Last of the summer joinery

It has been challenging to get any real shop time since late August. First the workshop door (an “up and over” garage type) failed and I was locked out for two weeks while I waited for an engineer to instal new parts and service the mechanism. As soon as that was done, work pressures at the day job meant that I was chained firmly to my desk for a couple of weeks. But ggainst all odds, the joinery for the boarded bookcase is now cut and I did a dry assembly of the casework today.

The final elements of joinery were the rabbets for kick and top rail. These require a slightly different approach to the dados for the shelves, partly because of grain direction (rabbets run along the grain, dados run across it) and because the rabbets do not run the length of the workpiece. The rabbet for the kick runs into the bottom dado, but the rabbet for the kick is stopped, which brings with it a few challenges for the handtool worker.

I cut the rabbet for the kick first, as this is easier than the stopped groove for the rail. Because the rabbet for the kick runs into the shelf dado I was able to prepare a first class cut and gently saw the walls, being careful not to overcut the workpiece, or to kink my saw on the opposite wall of the dados. I warmed up by sawing the inside wall of the rabbet, which won’t be seen once the kick is installed, and then cut the show edge second. With the walls cut I then weakened the waste by chiselling across the grain, and then popped it out with a half inch chisel working bevel up. Once I was close to the final depth I moved to the router plane to clean the bottom of the rabbet.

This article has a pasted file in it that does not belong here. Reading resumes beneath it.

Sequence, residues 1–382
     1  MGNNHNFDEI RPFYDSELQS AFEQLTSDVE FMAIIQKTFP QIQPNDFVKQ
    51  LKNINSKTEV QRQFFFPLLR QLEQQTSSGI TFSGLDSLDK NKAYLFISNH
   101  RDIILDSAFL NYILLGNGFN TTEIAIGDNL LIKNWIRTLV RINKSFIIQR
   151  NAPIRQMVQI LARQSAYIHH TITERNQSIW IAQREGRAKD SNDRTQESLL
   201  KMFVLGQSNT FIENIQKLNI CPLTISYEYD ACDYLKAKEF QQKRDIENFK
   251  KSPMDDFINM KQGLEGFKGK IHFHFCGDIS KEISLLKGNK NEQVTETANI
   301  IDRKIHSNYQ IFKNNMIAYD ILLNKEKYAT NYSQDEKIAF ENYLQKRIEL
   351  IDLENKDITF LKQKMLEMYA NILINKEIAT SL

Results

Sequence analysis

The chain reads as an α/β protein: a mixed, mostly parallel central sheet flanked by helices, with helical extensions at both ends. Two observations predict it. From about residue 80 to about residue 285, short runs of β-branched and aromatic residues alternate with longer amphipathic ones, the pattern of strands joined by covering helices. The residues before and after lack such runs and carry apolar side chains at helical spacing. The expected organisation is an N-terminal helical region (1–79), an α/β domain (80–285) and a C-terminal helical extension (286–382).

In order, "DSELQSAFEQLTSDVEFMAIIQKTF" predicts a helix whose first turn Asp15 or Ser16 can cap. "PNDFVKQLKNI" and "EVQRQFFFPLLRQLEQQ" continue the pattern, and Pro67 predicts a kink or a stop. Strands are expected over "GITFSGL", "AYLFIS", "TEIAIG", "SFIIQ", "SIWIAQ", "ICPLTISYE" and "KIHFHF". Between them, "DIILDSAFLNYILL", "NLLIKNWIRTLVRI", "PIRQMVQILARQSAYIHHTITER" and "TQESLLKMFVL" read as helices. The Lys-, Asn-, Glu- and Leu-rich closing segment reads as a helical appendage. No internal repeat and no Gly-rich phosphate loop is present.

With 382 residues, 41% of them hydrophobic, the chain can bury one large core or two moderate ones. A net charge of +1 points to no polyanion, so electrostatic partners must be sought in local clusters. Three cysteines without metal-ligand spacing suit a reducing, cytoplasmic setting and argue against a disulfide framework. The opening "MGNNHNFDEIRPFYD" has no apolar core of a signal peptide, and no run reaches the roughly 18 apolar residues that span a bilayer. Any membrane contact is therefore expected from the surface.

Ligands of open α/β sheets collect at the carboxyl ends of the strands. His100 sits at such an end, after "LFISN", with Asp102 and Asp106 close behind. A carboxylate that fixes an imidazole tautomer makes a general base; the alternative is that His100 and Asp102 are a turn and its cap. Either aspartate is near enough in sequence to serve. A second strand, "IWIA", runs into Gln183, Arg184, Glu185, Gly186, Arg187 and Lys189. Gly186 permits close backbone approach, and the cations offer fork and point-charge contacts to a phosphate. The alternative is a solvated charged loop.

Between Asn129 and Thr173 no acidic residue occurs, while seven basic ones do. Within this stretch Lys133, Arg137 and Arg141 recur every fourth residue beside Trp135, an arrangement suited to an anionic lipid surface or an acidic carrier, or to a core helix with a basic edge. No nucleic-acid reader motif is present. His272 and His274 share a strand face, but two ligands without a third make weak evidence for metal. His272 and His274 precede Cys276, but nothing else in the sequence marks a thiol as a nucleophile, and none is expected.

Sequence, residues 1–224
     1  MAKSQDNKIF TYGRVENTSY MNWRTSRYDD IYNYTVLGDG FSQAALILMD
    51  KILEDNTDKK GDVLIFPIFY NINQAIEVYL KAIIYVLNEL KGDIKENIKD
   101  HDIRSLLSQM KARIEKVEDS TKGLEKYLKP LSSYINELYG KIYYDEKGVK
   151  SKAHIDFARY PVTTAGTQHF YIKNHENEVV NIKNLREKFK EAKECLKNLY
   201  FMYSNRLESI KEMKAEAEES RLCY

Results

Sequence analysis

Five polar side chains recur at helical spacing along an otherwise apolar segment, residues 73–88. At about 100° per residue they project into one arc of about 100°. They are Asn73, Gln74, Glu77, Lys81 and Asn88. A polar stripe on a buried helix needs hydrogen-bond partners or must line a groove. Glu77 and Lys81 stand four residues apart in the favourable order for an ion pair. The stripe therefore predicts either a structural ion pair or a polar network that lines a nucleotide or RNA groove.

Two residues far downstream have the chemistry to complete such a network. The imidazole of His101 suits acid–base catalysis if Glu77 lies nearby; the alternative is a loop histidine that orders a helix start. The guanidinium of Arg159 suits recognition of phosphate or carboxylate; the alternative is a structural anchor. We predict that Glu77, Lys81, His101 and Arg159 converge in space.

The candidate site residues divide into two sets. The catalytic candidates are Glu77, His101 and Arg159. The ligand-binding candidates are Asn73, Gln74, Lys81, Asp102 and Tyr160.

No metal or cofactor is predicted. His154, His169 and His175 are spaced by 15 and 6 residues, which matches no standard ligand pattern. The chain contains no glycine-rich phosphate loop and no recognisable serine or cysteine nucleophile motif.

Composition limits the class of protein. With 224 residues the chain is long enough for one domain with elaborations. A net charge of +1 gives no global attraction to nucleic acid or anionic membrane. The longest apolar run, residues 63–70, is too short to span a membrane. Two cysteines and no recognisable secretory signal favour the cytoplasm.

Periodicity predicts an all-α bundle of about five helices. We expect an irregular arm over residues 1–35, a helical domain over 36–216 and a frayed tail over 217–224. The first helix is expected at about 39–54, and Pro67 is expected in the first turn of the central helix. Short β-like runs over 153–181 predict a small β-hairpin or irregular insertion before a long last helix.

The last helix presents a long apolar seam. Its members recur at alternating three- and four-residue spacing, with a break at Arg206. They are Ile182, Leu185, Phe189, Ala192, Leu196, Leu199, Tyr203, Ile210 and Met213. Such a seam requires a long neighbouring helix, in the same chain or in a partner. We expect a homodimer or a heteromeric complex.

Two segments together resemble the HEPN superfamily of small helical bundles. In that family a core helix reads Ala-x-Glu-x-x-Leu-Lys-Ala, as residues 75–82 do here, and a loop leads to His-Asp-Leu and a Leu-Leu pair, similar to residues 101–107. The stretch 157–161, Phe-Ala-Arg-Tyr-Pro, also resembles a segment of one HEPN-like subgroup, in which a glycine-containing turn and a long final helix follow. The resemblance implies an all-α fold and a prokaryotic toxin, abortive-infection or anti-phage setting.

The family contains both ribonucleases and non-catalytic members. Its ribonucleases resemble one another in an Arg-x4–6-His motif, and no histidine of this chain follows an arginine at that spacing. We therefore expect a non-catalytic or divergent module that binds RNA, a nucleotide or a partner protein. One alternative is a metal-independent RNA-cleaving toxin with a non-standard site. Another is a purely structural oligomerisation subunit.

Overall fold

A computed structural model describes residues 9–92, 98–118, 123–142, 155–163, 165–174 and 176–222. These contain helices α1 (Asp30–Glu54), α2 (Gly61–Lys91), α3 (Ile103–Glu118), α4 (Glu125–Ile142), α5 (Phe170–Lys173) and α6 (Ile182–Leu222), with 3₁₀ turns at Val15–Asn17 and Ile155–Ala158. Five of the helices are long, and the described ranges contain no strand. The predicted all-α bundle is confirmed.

There are several ways to cut a stopped rabbet. Where the end of the rabbet will be hidden then sawing the walls can be very quick. However I did not want to leave signs of overcutting on the bookcase as the end of the rabbet will be visible. So the approach I took was similar to chopping a mortise. After scoring deep layout lines with a marking gauge to define a clean edge for the rabbet, I chopped across the grain with my 1/2″ chisel, followed by gently paring the edges with a 2″ wide chisel. Paring the edges is delicate work, as hitting the chisel hard can cause the grain to split. But after a few rounds of chopping across the grain, paring the side walls and popping out the waste in between, the rabbet was ready for the router plane to bring to final depth.

With all of the joinery cut I tested the fit of each shelf individually, and used a large shoulder plane to adjust the fit of the shelves where needed. Then it was time to do a dry assembly of the maim casework. After processing stock since April, this was the first time that I had seen the components come together and indicate how the finished piece will look like. The dry run also helps to identify any potential difficulties for glue-up.

Next weekend I will clean up the interior surfaces of the bookcase and then glue up the main assembly.

The Book Book: A Year On The Path

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This portrait of Ezra from an 8th century bible may be one of the first illustrations of what we would recognise as a bookcase